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On the Design of Global Refunding and Climate Change

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  • Gersbach, Hans
  • Winkler, Ralph

Abstract

We design a global refunding scheme as a new international approach to address climate change. A global refunding system allows each country to set its carbon emission tax, while aggregate tax revenues are partially refunded to member countries in proportion to the relative emission reductions they achieve within a given period, compared to some given baseline emissions. In a simple model we show that a suitably designed global refunding scheme is self-enforcing and achieves the social global optimum.

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Bibliographic Info

Paper provided by C.E.P.R. Discussion Papers in its series CEPR Discussion Papers with number 6379.

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Date of creation: Jul 2007
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Handle: RePEc:cpr:ceprdp:6379

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Keywords: climate change mitigation; global refunding scheme; international agreements; self-enforcing mechanisms;

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References

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  1. Michael Hoel, 1992. "International environment conventions: The case of uniform reductions of emissions," Environmental & Resource Economics, European Association of Environmental and Resource Economists, vol. 2(2), pages 141-159, March.
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  3. Carraro, Carlo & Eyckmans, Johan & Finus, Michael, 2005. "Optimal Transfers and Participation Decisions in International Environmental Agreements," CEPR Discussion Papers 5046, C.E.P.R. Discussion Papers.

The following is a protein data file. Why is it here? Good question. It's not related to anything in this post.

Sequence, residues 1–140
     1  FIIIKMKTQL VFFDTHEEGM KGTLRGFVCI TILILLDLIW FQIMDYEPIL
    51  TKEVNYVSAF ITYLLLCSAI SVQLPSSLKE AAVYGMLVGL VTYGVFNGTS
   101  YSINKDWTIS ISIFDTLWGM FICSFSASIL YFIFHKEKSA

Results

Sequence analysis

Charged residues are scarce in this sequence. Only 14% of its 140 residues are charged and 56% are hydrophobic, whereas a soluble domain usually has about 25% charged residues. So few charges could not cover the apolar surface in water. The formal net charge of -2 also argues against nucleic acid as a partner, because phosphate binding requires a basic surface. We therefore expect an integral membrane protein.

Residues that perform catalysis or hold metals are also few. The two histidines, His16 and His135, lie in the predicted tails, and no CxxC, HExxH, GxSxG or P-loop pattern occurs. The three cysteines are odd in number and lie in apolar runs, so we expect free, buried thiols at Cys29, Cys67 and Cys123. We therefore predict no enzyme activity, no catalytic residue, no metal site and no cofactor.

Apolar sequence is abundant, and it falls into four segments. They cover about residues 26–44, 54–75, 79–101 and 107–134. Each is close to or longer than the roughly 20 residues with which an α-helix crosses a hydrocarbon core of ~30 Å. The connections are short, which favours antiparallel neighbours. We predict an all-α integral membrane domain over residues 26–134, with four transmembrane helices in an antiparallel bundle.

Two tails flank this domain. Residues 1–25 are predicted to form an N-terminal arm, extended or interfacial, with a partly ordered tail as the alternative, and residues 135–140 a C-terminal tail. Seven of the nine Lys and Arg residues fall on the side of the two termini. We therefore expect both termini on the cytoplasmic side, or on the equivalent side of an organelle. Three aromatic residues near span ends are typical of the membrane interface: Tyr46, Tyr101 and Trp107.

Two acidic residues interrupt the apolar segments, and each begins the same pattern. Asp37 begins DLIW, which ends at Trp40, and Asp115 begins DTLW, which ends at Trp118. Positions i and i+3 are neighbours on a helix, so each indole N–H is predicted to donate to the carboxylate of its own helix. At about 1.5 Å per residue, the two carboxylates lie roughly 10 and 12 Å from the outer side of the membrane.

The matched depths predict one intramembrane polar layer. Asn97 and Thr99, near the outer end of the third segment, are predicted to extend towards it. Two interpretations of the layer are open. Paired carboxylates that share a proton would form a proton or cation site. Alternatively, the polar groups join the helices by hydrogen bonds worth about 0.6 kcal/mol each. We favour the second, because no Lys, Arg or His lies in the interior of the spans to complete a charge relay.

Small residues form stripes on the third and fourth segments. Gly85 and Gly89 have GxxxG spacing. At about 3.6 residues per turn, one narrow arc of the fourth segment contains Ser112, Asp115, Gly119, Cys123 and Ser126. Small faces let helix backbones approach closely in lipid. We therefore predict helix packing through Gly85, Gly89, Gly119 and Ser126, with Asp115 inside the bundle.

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  5. Christoph Böhringer & Carsten Vogt, 2003. "Economic and environmental impacts of the Kyoto Protocol," Canadian Journal of Economics, Canadian Economics Association, vol. 36(2), pages 475-496, May.
  6. Lange, Andreas, 2006. "Providing public goods in two steps," Economics Letters, Elsevier, vol. 91(2), pages 173-178, May.
  7. Carraro, Carlo & Siniscalco, Domenico, 1998. "International Institutions and Environmental Policy: International environmental agreements: Incentives and political economy1," European Economic Review, Elsevier, vol. 42(3-5), pages 561-572, May.
  8. Carraro, Carlo & Siniscalco, Domenico, 1993. "Strategies for the international protection of the environment," Journal of Public Economics, Elsevier, vol. 52(3), pages 309-328, October.
  9. CHANDER, Parkash & TULKENS, Henry, . "Theoretical foundations of negotiations and cost sharing in transfrontier pollution problems," CORE Discussion Papers RP -983, Université catholique de Louvain, Center for Operations Research and Econometrics (CORE).
  10. Barrett, Scott, 1994. "Self-Enforcing International Environmental Agreements," Oxford Economic Papers, Oxford University Press, vol. 46(0), pages 878-94, Supplemen.
  11. Michael Finus & Ekko Ierland & Rob Dellink, 2006. "Stability of Climate Coalitions in a Cartel Formation Game," Economics of Governance, Springer, vol. 7(3), pages 271-291, August.